Fire victims say oxygen machine may have sparked blaze that destroyed home

By: Kristi Ludlow Email
By: Kristi Ludlow Email
Oxygen tank

A couple is saying that the fire that destroyed their home could have started from an oxygen tank. (WRDW-TV / Oct. 19, 2011)

News 12 First at Five / Wednesday, Oct. 19, 2011

AUGUSTA, Ga. -- A morning fire has left an elderly couple homeless after they lost everything in their home on McDowell Street.

To make things worse, the husband is receiving hospice care and uses an oxygen machine.That machine may have even sparked the fire.

News 12 investigated just how dangerous these machines can be.

When you mix a lot of oxygen and fire, the results can be really dangerous. But after talking to local experts, they say oxygen machines are extremely safe as long the right safety precautions are taken.

It all started when Larry Brizius got up to fill his oxygen machine with more water.

"They see a little spark, they didn't pay any attention, and they came back and found the bed on fire," said Battalion Chief Richard Burts.

He says he's never really heard of this happening before like this. And neither have local companies that provide these kinds of oxygen machines.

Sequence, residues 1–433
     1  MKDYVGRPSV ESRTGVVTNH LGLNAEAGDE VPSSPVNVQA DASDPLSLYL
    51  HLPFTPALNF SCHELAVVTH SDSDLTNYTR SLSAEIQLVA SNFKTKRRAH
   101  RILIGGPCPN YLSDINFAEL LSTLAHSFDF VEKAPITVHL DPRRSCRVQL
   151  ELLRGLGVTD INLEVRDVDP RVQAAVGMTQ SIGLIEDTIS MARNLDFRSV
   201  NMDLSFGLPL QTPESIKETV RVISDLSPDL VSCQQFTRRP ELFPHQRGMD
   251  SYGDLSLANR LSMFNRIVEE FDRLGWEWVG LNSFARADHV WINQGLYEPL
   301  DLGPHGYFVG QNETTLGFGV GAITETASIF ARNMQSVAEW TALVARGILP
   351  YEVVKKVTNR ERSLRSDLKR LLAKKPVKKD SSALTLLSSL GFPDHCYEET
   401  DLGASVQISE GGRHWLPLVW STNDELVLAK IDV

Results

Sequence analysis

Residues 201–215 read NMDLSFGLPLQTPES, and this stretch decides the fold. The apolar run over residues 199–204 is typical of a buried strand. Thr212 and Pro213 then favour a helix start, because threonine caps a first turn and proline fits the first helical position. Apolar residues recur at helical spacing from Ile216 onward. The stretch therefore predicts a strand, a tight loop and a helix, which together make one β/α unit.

"I have been doing this since 1985 and I have never heard of a concentrator actually causing a fire," said Brenda Stafford, who works for Petsch Respiratory Services.

But what will cause a fire is smoking near the oxygen.

"Most of the time when there has been a house fire there has been someone smoking with oxygen on," she said.

Stafford says this happened just recently to a man who uses equipment from their company and he was burned because of it.

"They were smoking and they actually fell asleep and dropped their cigarette on the bed," Stafford said.

But Mr. Brizius and his wife say they weren't smoking. Once the fire broke out and they escaped, they say they heard some explosions.

"If you've got it hot enough that it forces the safety release valve to open up, well, you are going to have all the sudden a huge flow of gas, pressurized oxygen coming out of the tank, which could make the fire at that point be much stronger," Stafford said.

But she says the fire needs to be really hot for that to happen. She says the biggest thing most patients worry about is not the machines, it is the oxygen tanks themselves.

"The main thing is storage of the tanks and safety because a lot time that is the scariest thing to patients, you want to make sure you don't have them in the closet, you want them out in a ventilated area, you want keep your tanks where they won't fall over," she said.

When an oxygen machine is brought into a home, it should only be plugged into grounded outlets.

Stafford just wants everyone to know hundreds like Mr. Brizius use oxygen machines in our area, and they're normally really safe.

But now the Brizius family isn't so sure.

The actual cause of this fire is still under investigation. Right now it's the couple saying it could have been the oxygen machine.


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